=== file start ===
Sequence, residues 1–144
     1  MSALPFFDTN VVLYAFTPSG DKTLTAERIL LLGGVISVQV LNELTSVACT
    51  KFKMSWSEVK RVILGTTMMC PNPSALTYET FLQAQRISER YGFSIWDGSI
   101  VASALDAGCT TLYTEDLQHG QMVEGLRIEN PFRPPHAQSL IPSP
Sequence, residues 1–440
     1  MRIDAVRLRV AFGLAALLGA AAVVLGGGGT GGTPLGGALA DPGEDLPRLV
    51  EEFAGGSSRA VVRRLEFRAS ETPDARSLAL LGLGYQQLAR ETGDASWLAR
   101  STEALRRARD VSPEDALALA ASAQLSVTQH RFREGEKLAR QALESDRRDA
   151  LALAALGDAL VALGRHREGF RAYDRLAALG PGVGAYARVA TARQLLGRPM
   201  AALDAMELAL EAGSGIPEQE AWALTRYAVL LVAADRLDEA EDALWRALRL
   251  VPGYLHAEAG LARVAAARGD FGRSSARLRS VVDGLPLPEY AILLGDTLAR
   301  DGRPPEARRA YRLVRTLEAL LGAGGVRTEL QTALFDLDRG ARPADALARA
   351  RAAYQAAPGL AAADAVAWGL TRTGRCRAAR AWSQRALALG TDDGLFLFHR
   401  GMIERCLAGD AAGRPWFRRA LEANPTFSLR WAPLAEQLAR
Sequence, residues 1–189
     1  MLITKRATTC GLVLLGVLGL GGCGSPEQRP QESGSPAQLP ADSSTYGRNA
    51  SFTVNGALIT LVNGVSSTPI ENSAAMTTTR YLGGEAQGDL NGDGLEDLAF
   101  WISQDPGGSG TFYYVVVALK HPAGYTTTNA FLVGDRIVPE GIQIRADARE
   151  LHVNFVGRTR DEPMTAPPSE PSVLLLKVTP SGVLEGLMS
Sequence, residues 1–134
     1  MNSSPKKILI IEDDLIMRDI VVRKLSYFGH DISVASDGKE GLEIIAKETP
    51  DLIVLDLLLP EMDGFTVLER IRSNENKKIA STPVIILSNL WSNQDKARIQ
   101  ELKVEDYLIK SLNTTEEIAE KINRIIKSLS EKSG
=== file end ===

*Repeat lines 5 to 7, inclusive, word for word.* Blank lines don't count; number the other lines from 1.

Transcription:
Sequence, residues 1–440
     1  MRIDAVRLRV AFGLAALLGA AAVVLGGGGT GGTPLGGALA DPGEDLPRLV
    51  EEFAGGSSRA VVRRLEFRAS ETPDARSLAL LGLGYQQLAR ETGDASWLAR